There have been only three instances in the last 30 years where two depressions had been recorded in the Bay of Bengal in September
The withdrawal of southwest monsoon, expected to have gotten underway by the second week of September, was delayed by an unexpected surge in rainfall. Since the beginning of the month, several parts of eastern, central and northern India have received two strong spells of rain. Despite the late spells, nearly 40 per cent of the country’s districts are still facing a drought with total rainfall being more than 20 per cent below the long-term average.
The country has received about 790 mm of rainfall against a normal of about 865 mm—a deficit of 9 per cent. At the end of May, the IMD had forecast that the monsoon would be between 96 per cent and 104 per cent of the long-term average, or “normal” in IMD’s parlance. This current deficit in monsoon is unlikely to get smaller but it is unlikely to widen enough to render the IMD’s “normal” forecast absolutely inaccurate. According to IMD, even 19 per cent excess or deficit rainfall is considered normal monsoon—a very wide range of 39 percentage points.
But beyond the broad classifications, it is the distribution of rains that India’s large agrarian sector most depends on. And in terms of distribution, this year’s monsoon has been a matter of concern. While monsoon winds were unable to surge inlands and establish a monsoon pattern for the best part of June and July, concentrated surges of rain helped ease weighted averages across the country.
The weekly distribution of rainfall of the 681 districts of the country maintained by the IMD paints a grim picture. Over three-fourths of the chart is painted in red and yellow indicating deficits of over 20 and 40 per cent, respectively. The remaining part has an abundance of blue that indicates excesses of over 20 per cent. However, one would be hard-pressed to find patches green (normal rain) in nearly 11,000 weekly observations recorded by the IMD in the 16 weeks since the monsoon began.
The skewed distribution is symptomatic of erratic meteorological conditions that have continued well into September.
The surge of rainfall over several parts of the country in September was triggered by two depressions in the Bay of Bengal that took shape in the first and third weeks of September, respectively. These depressions, especially the second, have raised eyebrows as two depressions in the final month of the monsoon has become somewhat of a rarity. In fact, there have been only three instances in the last 30 years where two depressions had been recorded in the Bay of Bengal in September: 1995, 2005 and 2006. Observations dating back to nearly 130 years show that in the long term, the incidence of depressions in September has been declining. This was the first time that depressions were seen in September since 2011.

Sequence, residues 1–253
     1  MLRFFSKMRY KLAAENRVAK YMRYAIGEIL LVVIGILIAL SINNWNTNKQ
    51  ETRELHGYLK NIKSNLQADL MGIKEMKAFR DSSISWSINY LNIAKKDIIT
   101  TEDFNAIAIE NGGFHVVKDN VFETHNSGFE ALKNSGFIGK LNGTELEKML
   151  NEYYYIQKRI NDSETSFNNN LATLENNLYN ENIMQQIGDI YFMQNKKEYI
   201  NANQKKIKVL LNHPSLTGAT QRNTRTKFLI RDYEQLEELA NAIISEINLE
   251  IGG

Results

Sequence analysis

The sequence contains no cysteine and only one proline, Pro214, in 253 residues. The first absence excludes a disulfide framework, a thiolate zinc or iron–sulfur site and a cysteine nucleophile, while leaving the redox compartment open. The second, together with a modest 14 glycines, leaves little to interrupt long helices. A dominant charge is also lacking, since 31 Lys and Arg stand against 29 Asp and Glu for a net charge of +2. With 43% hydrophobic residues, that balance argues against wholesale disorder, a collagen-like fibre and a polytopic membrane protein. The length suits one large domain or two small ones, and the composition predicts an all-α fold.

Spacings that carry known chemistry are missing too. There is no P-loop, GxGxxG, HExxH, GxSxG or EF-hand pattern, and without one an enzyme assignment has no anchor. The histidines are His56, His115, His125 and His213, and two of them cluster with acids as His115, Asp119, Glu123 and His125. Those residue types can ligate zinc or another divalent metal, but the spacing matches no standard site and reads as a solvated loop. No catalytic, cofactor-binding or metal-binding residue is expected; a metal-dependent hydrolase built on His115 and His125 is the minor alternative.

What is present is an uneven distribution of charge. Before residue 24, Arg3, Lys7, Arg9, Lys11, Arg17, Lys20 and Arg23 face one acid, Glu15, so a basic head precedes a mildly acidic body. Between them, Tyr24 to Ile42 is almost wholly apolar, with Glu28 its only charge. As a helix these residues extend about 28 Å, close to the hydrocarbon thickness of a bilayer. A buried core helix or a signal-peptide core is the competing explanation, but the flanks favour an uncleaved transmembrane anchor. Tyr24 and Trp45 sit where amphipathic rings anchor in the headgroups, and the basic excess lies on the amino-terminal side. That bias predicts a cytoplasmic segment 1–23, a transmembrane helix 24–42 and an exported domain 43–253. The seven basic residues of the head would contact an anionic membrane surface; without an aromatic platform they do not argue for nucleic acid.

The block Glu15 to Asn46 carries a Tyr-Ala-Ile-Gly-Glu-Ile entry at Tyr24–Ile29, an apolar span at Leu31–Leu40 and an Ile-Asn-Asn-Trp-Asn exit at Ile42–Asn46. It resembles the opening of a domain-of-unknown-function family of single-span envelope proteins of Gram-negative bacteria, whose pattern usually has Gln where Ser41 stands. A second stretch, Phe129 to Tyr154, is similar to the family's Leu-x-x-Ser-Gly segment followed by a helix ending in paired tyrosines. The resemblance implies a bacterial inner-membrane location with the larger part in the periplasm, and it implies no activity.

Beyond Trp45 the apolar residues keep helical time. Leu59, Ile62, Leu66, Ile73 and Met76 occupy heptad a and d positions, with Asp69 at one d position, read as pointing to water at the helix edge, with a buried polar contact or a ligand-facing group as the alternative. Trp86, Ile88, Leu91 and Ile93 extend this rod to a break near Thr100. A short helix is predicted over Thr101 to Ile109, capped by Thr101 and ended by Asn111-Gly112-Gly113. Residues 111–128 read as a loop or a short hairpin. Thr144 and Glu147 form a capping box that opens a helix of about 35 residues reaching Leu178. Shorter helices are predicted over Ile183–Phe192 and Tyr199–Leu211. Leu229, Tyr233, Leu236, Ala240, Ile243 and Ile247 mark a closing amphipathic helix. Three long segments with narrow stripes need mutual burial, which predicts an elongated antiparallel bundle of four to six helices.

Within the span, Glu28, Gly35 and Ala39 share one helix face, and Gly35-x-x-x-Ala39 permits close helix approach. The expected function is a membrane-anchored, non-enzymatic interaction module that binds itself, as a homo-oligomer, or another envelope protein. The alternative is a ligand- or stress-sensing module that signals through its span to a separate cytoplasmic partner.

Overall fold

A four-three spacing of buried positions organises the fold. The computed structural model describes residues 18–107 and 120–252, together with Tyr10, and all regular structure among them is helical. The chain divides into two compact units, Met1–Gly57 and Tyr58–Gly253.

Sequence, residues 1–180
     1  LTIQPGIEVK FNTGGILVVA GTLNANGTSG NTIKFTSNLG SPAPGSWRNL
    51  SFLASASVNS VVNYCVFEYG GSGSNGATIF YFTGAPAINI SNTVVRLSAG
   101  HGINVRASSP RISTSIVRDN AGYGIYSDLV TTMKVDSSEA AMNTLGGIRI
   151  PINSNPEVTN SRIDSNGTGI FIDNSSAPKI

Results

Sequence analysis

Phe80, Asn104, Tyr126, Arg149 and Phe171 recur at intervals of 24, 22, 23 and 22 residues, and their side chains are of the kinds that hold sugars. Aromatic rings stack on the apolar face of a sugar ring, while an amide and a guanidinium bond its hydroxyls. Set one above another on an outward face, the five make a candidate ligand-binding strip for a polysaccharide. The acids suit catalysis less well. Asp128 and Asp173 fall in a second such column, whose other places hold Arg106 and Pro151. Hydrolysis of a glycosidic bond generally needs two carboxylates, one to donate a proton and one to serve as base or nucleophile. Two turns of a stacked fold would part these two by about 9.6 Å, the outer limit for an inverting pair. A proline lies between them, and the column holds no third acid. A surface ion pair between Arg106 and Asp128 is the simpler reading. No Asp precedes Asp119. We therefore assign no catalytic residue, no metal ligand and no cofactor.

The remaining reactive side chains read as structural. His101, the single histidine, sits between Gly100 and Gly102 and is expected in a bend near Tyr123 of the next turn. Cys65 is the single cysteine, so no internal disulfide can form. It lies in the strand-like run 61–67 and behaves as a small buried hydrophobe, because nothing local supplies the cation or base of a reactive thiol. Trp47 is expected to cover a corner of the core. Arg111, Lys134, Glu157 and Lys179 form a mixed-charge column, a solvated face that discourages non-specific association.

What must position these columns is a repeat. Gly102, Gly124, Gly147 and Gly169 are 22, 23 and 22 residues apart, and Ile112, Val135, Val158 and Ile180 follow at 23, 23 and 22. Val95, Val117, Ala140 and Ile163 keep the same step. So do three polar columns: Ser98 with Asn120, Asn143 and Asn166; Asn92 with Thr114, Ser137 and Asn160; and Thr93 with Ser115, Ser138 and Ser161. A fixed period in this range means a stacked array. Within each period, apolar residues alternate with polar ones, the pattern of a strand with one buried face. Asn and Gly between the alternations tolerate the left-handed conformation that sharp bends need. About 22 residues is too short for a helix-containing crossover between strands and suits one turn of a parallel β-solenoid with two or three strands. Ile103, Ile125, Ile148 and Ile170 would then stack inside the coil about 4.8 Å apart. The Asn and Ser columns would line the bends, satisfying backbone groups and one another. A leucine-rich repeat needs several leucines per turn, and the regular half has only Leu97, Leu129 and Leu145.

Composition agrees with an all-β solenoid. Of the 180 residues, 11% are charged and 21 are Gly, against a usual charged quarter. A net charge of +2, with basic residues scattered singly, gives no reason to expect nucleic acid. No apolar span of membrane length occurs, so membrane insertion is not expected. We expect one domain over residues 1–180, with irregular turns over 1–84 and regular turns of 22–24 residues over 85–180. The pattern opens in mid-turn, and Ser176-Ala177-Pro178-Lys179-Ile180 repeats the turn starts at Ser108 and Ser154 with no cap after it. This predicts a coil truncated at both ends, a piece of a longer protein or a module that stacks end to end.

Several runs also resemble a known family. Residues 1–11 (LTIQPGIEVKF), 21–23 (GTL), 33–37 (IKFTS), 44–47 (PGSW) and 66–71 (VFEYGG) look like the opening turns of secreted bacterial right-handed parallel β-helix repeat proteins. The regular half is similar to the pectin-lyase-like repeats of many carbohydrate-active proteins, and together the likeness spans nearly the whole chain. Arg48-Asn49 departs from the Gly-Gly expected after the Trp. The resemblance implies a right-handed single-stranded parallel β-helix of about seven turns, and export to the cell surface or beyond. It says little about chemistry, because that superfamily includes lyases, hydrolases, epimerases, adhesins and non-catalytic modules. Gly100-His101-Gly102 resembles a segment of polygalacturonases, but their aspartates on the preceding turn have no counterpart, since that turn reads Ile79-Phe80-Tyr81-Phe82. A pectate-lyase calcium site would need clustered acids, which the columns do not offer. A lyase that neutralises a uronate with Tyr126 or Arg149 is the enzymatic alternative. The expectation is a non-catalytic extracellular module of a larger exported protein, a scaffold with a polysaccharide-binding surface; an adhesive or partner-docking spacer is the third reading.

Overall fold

Possible reasons for development of depressions in September
The development of depressions right through June has been a matter of concern as not a single one was formed until the end of July. One of August depressions was directly linked to extreme rain and floods in Kerala. The reasons for formation and evolution of depressions and cyclonic systems during the monsoon are still not clear but experts believe the status of the El Niño–Southern Oscillation (ENSO) might play a role. All the three times in the last 30 years during which multiple depressions were recorded in September, the ENSO was a state of transition. The ENSO is also currently in a state of flux, moving from a cooler La Niña phase to a warmer El Nino phase. According to most of the forecasting services, El Niño is likely to be established between September and November as temperatures in central Pacific have been spiking. Earlier, when the possibility of an El Niño event was first floated, IMD officials opined that it is unlikely to have any bearing on the monsoon—another prediction that seems to be way off mark. The result has been a spell of unexpected rains that is likely to have caused damage to standing crops in several parts of north India.
To make matters worse in the Himalayas and northwestern India, an untimely western disturbance (WD) was also active in the Himalayan region in the third week of September. The interaction of the WDs with monsoon winds, which were active in the Himalayan region, caused heavy rains and flash floods in Himalayan states, especially Himachal Pradesh. There is a possibility that another WD might become active in the Himalayan region and bring a fresh spell of cold winds and rainfall in northern and northwestern India over the next few days.
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